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Re: riding shoeless

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  • Rich
    I do not go as far as you but do ride in SPD sandals much of the year. I have both the current Shimano two strap and 661 SPD sandals. The 661s are the most
    Message 1 of 45 , May 26, 2010
      I do not go as far as you but do ride in SPD sandals much of the year. I have both the current Shimano two strap and 661 SPD sandals. The 661s are the most open SPD sandals I have found. They also have the SPD cleats recessed enough so no noise from them when walking.

      I would think that any relatively smooth double sided pedal such as the classic rubber block pedals that used to be almost universal on cruiser bikes would work for barefoot riding.

      Rich Wood

      --- In rootsradicals@yahoogroups.com, jj <jj@...> wrote:
      >
      > I haven't worn shoes but 10 or 12 days in the last year and I ride
      > almost every day. I have yet to injure myself--other than stubbing my
      > toe ON A SHOE that was left in the middle of the living room.
      >
      > Oh, and I stepped on a stick once, but my feet were tough enough to
      > repel that invader.
      >
      > If you are interested in riding barefoot, I recommend getting "barefoot
      > pedals": they are flat, have some grip tape one them, and are cheap.
      > Toss a pair of flip-flops in the panniers for those grocery trips when
      > you are out, and don't be afraid to smile at folks. Remember that your
      > foot falls differently when barefoot, so take it in small doses. I can
      > honestly tell you that I can bike for hours without my feet getting
      > tired now, and my flat feet are gone.
      >
      > Its perfectly safe, in almost every day to day circumstance. I would
      > avoid welding, or doing construction while barefoot, but just riding
      > around? Fantastic!
      >
      > But the coolest part of not wearing shoes are spring rains. The puddles
      > tend to be *warm*, which is amazing, and a very pleasant surprise.
      >
      > JJ
      >
      > WV Tenor wrote:
      > >
      > > Riding shoeless could be painful if you had to put your foot down
      > > quickly. You could seriously injure yourself.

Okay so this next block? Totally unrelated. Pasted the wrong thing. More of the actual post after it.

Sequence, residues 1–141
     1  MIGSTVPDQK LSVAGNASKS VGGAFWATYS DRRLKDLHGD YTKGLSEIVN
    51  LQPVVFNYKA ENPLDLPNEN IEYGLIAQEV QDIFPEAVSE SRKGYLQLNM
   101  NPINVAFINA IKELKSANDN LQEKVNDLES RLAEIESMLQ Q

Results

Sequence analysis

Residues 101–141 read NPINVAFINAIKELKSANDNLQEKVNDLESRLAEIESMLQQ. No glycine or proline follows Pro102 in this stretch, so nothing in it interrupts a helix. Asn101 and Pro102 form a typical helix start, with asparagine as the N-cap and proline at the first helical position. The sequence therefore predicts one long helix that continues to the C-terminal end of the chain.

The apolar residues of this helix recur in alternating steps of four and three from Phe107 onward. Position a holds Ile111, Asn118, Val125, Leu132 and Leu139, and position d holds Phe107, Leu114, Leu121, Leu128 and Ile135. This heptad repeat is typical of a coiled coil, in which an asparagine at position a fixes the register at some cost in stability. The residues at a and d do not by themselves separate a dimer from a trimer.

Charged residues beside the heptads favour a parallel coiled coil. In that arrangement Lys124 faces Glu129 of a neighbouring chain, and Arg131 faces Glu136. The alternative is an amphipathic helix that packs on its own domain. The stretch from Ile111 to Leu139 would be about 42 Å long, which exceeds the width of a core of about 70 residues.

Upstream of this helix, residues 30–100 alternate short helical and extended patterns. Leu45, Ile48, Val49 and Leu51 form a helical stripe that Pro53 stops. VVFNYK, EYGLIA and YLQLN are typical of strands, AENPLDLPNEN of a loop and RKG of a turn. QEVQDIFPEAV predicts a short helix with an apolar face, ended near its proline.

> >
      > > --- In rootsradicals@yahoogroups.com
      > > <mailto:rootsradicals%40yahoogroups.com>, jj <jj@> wrote:
      > > >
      > > > Ponchos, with wool for warm kidlets.
      > > >
      > > > Ponchos with wool for you.
      > > >
      > > > Raincoats are and rainpants work well for you.
      > > >
      > > > For warmer weather, I prefer shoeless riding--no way for footwear to get
      > > > wet :-)
      > > >
      > > > JJ
      > > >
      > > > Catherine wrote:
      > > > >
      > > > > Hi there,
      > > > >
      > > > > I am wondering what people have done about getting around on rainy
      > > days
      > > > > with children if you really want to avoid the car. We are thinking of
      > > > > selling ours and I have a Radish on layby...hoping to add electric
      > > > > assist down the track and keep it simple (ie not wanting to build
      > > > > canopies, etc). How do you cycle with children, keep everyone
      > > relatively
      > > > > dry (especially on the way /to/ school) and avoid accidents
      > > (slippery).
      > > > > I have a lot of practicalities to think about before going car free.
      > > > >
      > > > > Thanks
      > > > >
      > > > > Catherine
      > > > >
      > > > >
      > > >
      > >
      > >
      >
    • Rich
      There is also Weigle(?) Frame Saver which is a waxy coating designed for coating the inside of steel frame tubes to prevent rust. A very similar product
      Message 45 of 45 , Jul 1, 2010
        There is also Weigle(?) Frame Saver which is a waxy coating designed for coating the inside of steel frame tubes to prevent rust. A very similar product available at many hardware stores, and less expensive, is LPS3.

        Rich Wood

        --- In rootsradicals@yahoogroups.com, Pete B <nackterman@...> wrote:
        >
        > Could he mean this?
        > http://www.crcind.com.au/catalogue.nsf/web_brands/CRC+5-56?openDocument
        >
        > Used to be known colloquially as as "Engine de-waterer"(sic)
        > <http://www.crcind.com.au/catalogue.nsf/web_brands/CRC+2-26?openDocument>
        > 'Newspapers are unable, seemingly, to discriminate between a bicycle
        > accident and the collapse of civilization' : George Bernard Shaw
        >
        >
        > On 1 July 2010 13:47, Bill <coteau@...> wrote:
        >
        > >
        > >
        > > "engine" ? defogger....
        > >
        > >
        > > On Wed, Jun 30, 2010 at 19:41, Bruce Alan Wilson <
        > > bruce_alan_wilson@...> wrote:
        > >
        > >>
        > >>
        > >> Go to an auto supply store and get a spray can of engine defogger.
        > >> Regularly spray it inside the tubes.
        > >>
        > >> My garage has a wood stove, and in the winter I use it to heat up water to
        > >> wash down the bike.
        > >>
        > >> Bruce Alan Wilson
        > >> http://www.wvdemolay.org/
        > >> http://tinyurl.com/WVMSRideBAW
        > >> http://pedalersparadise.wordpress.com/
        > >>
        > >>
        > >>
        > >>
        > >> The bicycle is the most civilized conveyance known to man. Other forms of
        > >> transport grow daily more nightmarish. Only the bicycle remains pure in
        > >> heart. ~Iris Murdoch, The Red and the Green
        > >>
        > >>
        > >
        > >
        > > --
        > > 830 446 3114 - asynchronous communication
        > >
        > >
        > >
        >
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